The key giveaway for me on Saturday was that none of the players were jumping around like they'd won the final - exactly what we did in 2007.
On Saturday they looked like they meant business. It was a look of 'yeah, we've won a game, but it's only given us the chance to play one more match, we've achieved nothing yet', which was the mindset of the winning side in 2003.
It is clearly a mentally strong team now. In the last two years they've been up and down, looked rudderless and mentally weak at key points, but since the quarter-final they look to have finally sorted those problems and found that mental strength.
Will South Africa change?
South Africa were so one-dimensional and slow against Wales. I do think they can change their game plan and style for the final and they will know they have to.
Rassie Erasmus is a very sharp and very good coach and I don't believe for a minute he's sitting there thinking 'you know what, we are just going to run at these English guys and physically smash them and that will do it'.
They've got to put some width on their game, some tempo into their game. They have to get their 10 and 12 playing like England's George Ford and Owen Farrell do, getting width on the ball and getting their dangerous back three into the match, as they are as quick and skilful as any in the world.
Otherwise they will just play into England's hands. If they just run at England then Sam Underhill and Tom Curry will tackle them all day long, Billy Vunipola will smash them back, and Erasmus will know that.
Key battle one - The breakdown
This is England's back-row speed against South Africa's back-row strength and this is where I think England really have an edge.
I just don't think South Africa can play at the pace of England. Certainly if England play anywhere near how they did against the All Blacks, where they were hitting and winning every second ruck, then South Africa will have big problems.
I know South Africa are destructive at the breakdown - they are big, they get over the ball and they make it hard.
But when you look at England's back five there is a lot of pace in it, so they are going to get to the breakdowns quicker, they are going to be able to clear the South Africans out before they can get into a decent position to contest them.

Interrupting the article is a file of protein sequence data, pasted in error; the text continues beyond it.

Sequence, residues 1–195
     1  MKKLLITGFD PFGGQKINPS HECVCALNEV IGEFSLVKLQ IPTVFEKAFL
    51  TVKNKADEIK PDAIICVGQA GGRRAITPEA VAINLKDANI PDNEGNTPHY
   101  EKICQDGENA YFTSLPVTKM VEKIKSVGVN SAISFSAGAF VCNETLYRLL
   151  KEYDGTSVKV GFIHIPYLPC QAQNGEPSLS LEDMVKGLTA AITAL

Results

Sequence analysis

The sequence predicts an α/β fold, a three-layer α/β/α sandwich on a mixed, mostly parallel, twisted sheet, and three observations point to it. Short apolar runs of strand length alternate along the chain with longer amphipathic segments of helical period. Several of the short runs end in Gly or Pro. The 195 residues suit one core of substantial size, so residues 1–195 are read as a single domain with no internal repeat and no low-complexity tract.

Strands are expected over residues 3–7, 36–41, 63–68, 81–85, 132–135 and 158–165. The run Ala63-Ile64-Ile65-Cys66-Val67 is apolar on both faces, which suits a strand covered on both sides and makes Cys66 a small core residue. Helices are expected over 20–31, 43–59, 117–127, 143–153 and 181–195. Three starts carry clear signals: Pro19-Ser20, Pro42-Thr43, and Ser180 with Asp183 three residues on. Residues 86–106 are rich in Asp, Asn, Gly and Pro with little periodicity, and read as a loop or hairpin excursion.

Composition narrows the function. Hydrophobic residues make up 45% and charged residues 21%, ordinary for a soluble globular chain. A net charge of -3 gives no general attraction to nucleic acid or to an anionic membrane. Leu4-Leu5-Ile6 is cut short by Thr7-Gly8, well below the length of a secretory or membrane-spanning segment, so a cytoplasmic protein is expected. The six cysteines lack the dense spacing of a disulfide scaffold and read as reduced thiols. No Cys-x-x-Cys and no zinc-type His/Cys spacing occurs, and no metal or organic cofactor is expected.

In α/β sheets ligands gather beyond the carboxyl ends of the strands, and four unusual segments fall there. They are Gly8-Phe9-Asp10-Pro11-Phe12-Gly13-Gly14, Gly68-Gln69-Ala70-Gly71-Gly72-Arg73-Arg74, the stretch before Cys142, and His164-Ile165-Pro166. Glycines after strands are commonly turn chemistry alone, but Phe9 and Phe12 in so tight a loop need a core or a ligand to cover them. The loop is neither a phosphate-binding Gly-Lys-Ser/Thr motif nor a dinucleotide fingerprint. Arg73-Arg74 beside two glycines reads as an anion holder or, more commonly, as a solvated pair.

That means quick ball for England and South Africa won't be able to live with that, that's why they slowed the game down so much against Wales in the semi.
Wales mucked up massively by then playing the same game, but England won't make that mistake.
You can't get into an arm wrestle with South Africa, you won't win that, so England can't let them drag them into it.
Key battle two - half-backs
As a former Leicester man I watch England and Tigers half-backs Ben Youngs and George Ford an awful lot, along with Sale's South African nine Faf de Klerk, and I know the the immense quality of them all.
I actually don't think Youngs has played that well for England for a while now. What he has done has been steady. He's not been the running threat he's been down the years. De Klerk, with New Zealand's Aaron Smith just behind, is the best nine in the world at the moment.
England should get quick ball and be on the front foot and that's meat and drink to your half-backs and there is no better fly-half in the game than Ford when he is on the front foot.
I think England have the tactical edge with their half-backs, they are both that little bit cleverer than their rivals. Ford over [South African fly-half] Handre Pollard is a better game manager and reads the player better. Pollard is a great kicker, but he isn't the same type of distributer as Ford.
Youngs needs to make sure his passes are zipping to Ford to allow him that extra bit of time on the ball to do what he does best and get those big plays going and pull the strings.
De Klerk is the key for South Africa, he is the game changer, the one that can win this for them.
I do have England as pretty comfortable favourites, but he is one player who could make the game difficult for them and put a spanner in the works, because he is that good.
Who will win?
I'm confident England will win this. They have built superbly and you feel they can still get better.
From being there in 2007 the message I'd give is just do the same again. Trust the same plans, plays and skills that have got you to the final and just put in the same performance again.
If England do that they will be world champions again.